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March/April 2004

Back to the Future
A Look at Glass Technology at the 2004 Detroit Auto Show

by Dale Malcolm

Right after I return from the North American International Auto Show in Detroit everyone asks what I liked the best. However, it is difficult to single out any one production or concept vehicle. Personally, I always wonder what trend or new idea will dominate the show each year. 

The Era of Glass
One trend whose time has come is the glass roof. 

Every car show over the last dozen or so years has had at least one vehicle with a glass roof. Last year, the Ultra-Luxury Maybach 62 went from hood to trunk with four pieces of glass. 

That feature has spread to several other production vehicles and numerous concept vehicles this year, including the Mercedes-Benz 2005 E320 CDi Sedan and Scion’s tC Sport coupe from the new division of Toyota. These are just two glass-roofed production vehicles from luxury that are priced well under $20,000.

This hot new trend of glass roofs will offer new challenges for even the seasoned auto glass installer. If you slip with the cut-out tool now, it might mean you just cracked the roof glass while doing a simple windshield replacement. 

Pontiac introduced a new sport sedan called the G6 and it has a four-panel sunroof that is state-of-the-art. There were quite a few concept vehicles with extensive use of glass in the roofs, such as: the Kia KVC III, Mercedes-Benz Vision Grand Sports Tourer, Honda Sports Utility Truck and the Lincoln Mark X.

A New Class of Hybrids
One of the most important trends has been the development of hybrid vehicles by almost all of the major vehicle manufacturers.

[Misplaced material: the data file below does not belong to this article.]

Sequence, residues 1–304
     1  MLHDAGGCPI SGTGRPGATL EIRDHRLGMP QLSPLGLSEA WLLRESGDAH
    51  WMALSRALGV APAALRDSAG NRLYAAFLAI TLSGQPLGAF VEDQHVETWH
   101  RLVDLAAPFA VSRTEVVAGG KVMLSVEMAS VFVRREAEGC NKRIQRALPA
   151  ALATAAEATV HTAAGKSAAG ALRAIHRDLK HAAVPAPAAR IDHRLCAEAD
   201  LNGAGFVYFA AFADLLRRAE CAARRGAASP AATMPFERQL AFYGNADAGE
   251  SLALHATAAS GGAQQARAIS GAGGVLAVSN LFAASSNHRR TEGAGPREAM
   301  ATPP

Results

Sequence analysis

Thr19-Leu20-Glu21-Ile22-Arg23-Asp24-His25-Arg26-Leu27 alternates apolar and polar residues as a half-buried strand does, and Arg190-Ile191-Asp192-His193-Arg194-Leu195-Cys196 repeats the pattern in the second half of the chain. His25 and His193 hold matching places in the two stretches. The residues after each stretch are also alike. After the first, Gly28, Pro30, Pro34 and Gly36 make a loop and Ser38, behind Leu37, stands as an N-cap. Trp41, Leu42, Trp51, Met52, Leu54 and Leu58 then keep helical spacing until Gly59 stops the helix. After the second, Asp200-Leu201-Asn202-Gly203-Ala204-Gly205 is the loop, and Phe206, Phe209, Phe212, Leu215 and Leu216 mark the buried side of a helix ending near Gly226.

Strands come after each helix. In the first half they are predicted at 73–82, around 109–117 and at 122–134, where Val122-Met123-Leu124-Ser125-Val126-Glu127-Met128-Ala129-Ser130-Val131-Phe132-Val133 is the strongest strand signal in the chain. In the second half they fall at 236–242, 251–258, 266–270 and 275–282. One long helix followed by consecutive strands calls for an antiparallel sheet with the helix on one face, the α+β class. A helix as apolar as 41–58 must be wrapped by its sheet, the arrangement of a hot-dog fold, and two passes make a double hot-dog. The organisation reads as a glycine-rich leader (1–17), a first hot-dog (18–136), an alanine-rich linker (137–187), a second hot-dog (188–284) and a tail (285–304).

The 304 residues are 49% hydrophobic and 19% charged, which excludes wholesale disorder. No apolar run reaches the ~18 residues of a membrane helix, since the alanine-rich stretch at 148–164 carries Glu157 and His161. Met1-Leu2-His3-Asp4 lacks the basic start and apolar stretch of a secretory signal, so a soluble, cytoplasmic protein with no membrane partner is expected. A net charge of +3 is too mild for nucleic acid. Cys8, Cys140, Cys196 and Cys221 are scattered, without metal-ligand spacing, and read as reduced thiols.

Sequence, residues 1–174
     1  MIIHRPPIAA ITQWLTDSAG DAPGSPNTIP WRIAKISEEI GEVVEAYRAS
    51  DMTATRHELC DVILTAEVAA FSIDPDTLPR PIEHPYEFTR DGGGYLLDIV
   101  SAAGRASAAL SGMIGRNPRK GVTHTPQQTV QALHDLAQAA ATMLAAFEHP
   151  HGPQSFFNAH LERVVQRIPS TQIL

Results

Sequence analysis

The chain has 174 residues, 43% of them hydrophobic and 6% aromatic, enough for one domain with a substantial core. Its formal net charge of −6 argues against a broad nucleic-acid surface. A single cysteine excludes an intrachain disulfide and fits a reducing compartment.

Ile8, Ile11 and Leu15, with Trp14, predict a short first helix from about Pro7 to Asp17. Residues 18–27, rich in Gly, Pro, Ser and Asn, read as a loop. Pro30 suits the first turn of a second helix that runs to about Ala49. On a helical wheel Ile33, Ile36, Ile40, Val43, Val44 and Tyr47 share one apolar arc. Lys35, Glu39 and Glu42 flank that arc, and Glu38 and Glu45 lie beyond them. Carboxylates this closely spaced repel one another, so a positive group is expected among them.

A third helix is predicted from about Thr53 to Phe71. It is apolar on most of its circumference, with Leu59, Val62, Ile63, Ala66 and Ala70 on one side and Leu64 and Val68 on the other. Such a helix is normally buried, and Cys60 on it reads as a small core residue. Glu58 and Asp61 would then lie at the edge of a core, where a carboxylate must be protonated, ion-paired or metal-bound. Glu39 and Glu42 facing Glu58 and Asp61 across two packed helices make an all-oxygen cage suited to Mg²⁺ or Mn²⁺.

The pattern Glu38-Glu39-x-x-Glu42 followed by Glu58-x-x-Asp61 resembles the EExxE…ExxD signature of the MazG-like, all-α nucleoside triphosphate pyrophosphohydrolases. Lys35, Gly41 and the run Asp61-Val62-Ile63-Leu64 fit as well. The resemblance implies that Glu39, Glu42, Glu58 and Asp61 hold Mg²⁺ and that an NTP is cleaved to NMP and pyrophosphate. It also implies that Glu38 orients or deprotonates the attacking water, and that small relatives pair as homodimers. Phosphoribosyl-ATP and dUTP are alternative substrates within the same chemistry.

Lexus introduced a hybrid version of its popular RX330 Sport Utility, which will get approximately 30 miles per gallon and can go from 0 to 60 miles per hour in less than eight seconds. 

Honda also announced that it will introduce a hybrid version of its popular Accord model.

In addition to these production vehicles, many of the show’s concept vehicles shown have been designed around hybrid technology. Jeep showed off its Treo Concept vehicle, which seats three and is powered by fuel cell technology. Several manufacturers are working on bio-diesel engines that basically run on cooking oil; this is a renewable resource and reduces dependence on foreign oil. However, the exhaust has been reported to smell like French fries cooking. 

Blasts from the Past
Quite a few vehicles were sporting some styling cues that have not been seen for some time. Perhaps it was the lighting or the exaggerated look of the concept vehicles, but air scoops and chrome are back in a big way. From the 2005 40th-anniversary Mustang to the dazzling Chrysler ME Four-Twelve Concept Super car, side scoops are cool again. Replacing many of the all-painted, britework-free vehicles of the 1980s and 1990s are vehicles such as the Lincoln Mark X coupe and the Toyota FTX Concept truck with brilliant chrome grilles and trim.

Travelin’ Down Backroads
The Japanese carmakers also introduced several new trucks this year, such as the Honda SUT, Mitsubishi Sport Truck Concept, Toyota FTX Concept, redesigned 2005 Nissan Frontier and new 2005 Nissan Titan Crew Cab. 
The American carmakers, however, focused on rebuilding their car lines. Chrysler is introducing a new rear-wheel drive sedan, the 300c. Dodge is following suit with the crisp, new Magnum sedan. Ford is replacing the popular Taurus/Sable line with the new Ford Five-Hundred Sedan. 

Compact Market
General Motors premiered a pair of two-seaters with the Saturn Curve Concept and the under-$20,000 Pontiac Solstice convertible. Refusing to be outdone in the two-seater market, though, Dodge showed off its 3-cylinder Sling Shot Concept convertible.

Some other two-seaters unveiled at the show were the Lincoln Mark X, Chrysler Crossfire convertible, Volkswagen Concept T off-road sports coupe, Subaru B9SC roadster, Ford Shelby Cobra Concept and the new sixth-generation 2005 Chevrolet Corvette. Chevrolet also showed off its third Nomad Concept car since 1954. The second was shown at the 1999 Detroit Auto Show, followed in 2003 with the current-version Nomad Concept, based on the 1954 version, which was based on the Corvette originally. 

From concept cars to super cars, high-ground clearance vehicles to Hybrid power plants, it was a fascinating exposition and look into the not-too-distant future. The only thing I couldn’t figure out was what was up with that Buick golf cart.






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